Delivering the message of sustainability, content by content

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Sustainability is a very complex topic. People have asked me why I chose the broad topic of sustainability for my blog. I have a number of reasons for this.

One is that there is so much to talk about and define in the field of sustainability. Although it’s a widespread movement across the world with the help of the Sustainable Development Goals, there is still a general lack of understanding on what the movement entails and what it means for the planet.

For one, our planet is at a crossroads. There are different issues surrounding us that tend to leave us paralyzed and succumb to helplessness. But I don’t think that this should be the case.

A challenge that we have is that sustainability is very difficult to understand.

But what if we had a way to simplify the message of this movement and spread it across different kinds of people?

Social media has been a saving grace for all of us. From the memes down to the free content and knowledge that we consume on a daily basis, social media isn’t all that bad–as long as we know how to use it. Given that, what better way to use social media but by spreading social good and impactful initiatives?

I started Berde Boy in 2017 as a passion project, and I continue to upload content to the blog that focus on sustainability. To be clear, I am currently not earning income from this blog. I prefer to work with partners who have genuine initiatives toward sustainability.

Given this goal to continuously populate this platform for content on sustainability, one of my recent initiatives is to expand my content creation apart from the usual blog posts.

This is where I’d love to share with you Berde Boy Talks, a recently-launched podcast that talks about sustainability one topic and one person at a time.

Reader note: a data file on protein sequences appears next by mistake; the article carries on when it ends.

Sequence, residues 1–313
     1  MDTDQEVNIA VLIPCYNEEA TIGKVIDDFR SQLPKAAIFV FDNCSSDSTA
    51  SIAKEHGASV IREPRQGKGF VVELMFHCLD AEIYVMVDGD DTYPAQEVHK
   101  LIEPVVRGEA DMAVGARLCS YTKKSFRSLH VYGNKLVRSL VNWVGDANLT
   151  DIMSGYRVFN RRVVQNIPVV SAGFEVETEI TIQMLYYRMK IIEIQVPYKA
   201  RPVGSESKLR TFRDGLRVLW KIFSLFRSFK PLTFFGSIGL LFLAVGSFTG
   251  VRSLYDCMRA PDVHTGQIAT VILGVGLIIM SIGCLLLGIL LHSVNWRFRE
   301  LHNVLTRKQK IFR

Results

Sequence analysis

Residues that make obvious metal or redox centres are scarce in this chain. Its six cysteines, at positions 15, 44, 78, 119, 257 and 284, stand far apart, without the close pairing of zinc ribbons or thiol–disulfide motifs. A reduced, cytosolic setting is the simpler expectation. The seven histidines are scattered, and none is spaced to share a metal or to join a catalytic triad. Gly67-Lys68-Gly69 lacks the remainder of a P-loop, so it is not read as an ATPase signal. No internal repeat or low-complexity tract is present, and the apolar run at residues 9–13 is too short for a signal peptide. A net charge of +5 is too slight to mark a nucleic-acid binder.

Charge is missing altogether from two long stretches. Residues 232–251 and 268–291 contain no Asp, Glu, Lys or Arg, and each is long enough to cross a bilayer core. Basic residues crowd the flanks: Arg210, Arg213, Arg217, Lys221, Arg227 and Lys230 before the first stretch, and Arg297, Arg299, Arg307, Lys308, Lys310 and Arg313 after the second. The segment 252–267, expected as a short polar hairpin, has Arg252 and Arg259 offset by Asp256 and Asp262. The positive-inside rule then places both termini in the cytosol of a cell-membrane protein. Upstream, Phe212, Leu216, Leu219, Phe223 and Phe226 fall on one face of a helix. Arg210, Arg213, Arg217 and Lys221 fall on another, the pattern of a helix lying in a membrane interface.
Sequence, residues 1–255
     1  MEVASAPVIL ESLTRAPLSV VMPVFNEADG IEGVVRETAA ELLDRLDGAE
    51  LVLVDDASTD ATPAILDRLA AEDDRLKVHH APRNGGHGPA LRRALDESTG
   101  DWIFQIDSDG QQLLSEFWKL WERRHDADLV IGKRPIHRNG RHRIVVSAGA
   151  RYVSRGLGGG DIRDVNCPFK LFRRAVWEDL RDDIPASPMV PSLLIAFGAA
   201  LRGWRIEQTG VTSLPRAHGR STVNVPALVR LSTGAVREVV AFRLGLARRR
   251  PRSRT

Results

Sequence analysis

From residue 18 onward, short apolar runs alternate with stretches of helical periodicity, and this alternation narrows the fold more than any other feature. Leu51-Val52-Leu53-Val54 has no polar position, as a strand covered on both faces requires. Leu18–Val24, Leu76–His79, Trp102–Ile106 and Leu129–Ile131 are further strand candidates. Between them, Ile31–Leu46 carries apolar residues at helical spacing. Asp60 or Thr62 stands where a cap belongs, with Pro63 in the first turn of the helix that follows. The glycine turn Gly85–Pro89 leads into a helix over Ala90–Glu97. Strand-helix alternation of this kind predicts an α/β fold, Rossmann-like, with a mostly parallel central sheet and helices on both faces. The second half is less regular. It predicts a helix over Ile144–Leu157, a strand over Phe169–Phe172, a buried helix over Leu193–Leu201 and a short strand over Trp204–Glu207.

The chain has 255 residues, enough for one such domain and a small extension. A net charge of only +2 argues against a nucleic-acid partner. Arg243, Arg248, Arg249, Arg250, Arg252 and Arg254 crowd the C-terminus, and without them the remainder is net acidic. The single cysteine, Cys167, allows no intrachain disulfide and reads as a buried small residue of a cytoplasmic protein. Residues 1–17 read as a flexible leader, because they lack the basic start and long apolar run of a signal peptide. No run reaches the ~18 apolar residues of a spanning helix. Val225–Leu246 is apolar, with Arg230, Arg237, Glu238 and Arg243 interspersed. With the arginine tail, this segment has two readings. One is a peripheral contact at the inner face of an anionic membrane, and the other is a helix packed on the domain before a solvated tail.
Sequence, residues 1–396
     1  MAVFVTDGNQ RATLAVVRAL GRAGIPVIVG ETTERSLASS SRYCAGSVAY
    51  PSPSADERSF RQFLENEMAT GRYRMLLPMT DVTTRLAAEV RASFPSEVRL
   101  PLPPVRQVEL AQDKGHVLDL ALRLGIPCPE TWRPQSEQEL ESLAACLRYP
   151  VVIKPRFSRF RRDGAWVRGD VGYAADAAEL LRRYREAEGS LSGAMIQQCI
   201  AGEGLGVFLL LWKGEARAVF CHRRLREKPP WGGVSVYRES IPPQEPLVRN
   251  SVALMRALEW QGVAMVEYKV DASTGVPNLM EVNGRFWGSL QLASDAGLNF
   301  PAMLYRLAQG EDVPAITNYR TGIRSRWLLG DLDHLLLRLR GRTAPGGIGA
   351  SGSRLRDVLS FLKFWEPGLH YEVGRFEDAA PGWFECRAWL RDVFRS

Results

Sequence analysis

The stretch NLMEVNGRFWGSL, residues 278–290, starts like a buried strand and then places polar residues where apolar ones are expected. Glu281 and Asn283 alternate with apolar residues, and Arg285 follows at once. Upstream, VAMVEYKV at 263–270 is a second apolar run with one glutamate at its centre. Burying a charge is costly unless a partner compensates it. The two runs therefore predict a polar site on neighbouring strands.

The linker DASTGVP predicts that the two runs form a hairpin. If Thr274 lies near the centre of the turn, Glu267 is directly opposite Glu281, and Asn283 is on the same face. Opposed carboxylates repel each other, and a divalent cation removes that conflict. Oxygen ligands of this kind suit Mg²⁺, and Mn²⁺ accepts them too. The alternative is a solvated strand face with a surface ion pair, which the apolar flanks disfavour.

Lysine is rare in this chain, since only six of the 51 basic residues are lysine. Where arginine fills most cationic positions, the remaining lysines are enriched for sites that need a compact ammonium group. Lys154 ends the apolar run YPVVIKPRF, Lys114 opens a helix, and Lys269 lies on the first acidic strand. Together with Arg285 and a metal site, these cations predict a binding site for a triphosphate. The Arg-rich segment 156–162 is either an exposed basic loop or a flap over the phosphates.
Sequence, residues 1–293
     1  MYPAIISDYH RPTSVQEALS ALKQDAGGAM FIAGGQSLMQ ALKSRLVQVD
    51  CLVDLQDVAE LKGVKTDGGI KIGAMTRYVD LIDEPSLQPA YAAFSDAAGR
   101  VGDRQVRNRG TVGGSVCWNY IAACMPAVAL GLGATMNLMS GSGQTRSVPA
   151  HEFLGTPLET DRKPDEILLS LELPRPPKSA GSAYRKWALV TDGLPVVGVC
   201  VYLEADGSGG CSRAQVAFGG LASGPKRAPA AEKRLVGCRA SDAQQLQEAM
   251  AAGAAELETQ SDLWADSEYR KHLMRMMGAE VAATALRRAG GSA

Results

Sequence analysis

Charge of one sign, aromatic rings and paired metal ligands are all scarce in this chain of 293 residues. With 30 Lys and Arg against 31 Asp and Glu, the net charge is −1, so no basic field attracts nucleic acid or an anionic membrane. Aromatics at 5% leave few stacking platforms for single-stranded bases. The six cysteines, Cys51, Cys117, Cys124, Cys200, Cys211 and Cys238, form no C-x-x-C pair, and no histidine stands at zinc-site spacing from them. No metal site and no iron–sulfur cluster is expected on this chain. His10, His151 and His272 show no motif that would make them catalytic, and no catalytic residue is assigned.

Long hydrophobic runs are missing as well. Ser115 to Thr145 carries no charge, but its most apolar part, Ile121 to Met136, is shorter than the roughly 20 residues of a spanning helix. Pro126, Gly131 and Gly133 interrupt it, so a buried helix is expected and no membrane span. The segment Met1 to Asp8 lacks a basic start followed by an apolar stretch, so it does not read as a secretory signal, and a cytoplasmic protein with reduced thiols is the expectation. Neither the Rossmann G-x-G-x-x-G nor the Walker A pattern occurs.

In the Philippines, we seem to have a shady and blurry understanding of sustainability. Through Berde Boy Talks, we’re going to talk to advocates and professionals in the sustainability sector on a wide range of topics such as urban agriculture, social entrepreneurship, marine conservation, and community development, to name a few. The podcast aims to clarify our understanding of sustainability, with the hopes that we move forward from there.

Don’t forget to follow Berde Boy also on Facebook and Instagram!

Nama-なま: Of freshness and greens

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I’ve had the pleasure of helping my friend man the booth of his startup — called Nama — at the Lasallian Mission Trade Fair this week at De La Salle University, Philippines. In Japanese, Nama’s literal translation is fresh, natural, and as it is.

Nama’s goal is to produce microgreens such as basil, arugula, and broccoli, among others. These microgreens are used as garnish for various dishes such as appetizers and meals. Apart from being healthy, microgreens also add various flavor profiles to your dish.

Check out their Facebook page to know more.

On mental health and listening

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I had a nice talk today about mental health with an old friend. My biggest takeaway is that I think the world needs to learn how to listen more.

Listening is a highly valuable skill. In fact, more than just a ‘marketable’ skill, listening should be a basic life skill. And yet it’s something very scarce in this noisy and highly audible world. With all the noise, do we ever, really, get the chance to talk sincerely to someone?

While I want to answer yes to that question, it’s just not that simple. I empathize with all the people having difficulty finding someone who would just essentially listen and not ‘listen to respond’.

We don’t always need answers. Sometimes, we just need someone who will listen to what we have to say. The world is complex as it is, and finding answers is not always the appropriate approach. Sometimes, asking the proper questions instead propels us to move forward more proactively.

Questions, I think, are extremely powerful. We ask questions because we are curious, driven, or want to discover or invent something. We ask questions because they fill us with wonder and excitement. We ask questions because we want to find out how to become better human beings.

If we lose the art of questioning, what sense of wonder would be left?

In mental health, asking questions can be very therapeutic, at least in my experience. You start to ask questions that relate to yourself. You ask questions that try to clarify what you are feeling at one particular moment. By having that main question in mind, you unconsciously map out your way towards finding answers while not being forced to do so.

And I think that’s the whole point of life. More than just finding answers on how to solve daily problems, asking questions gives us a sense of wonder and rewires our mind towards a certain goal.

Why traveling is not an escape, but a journey towards life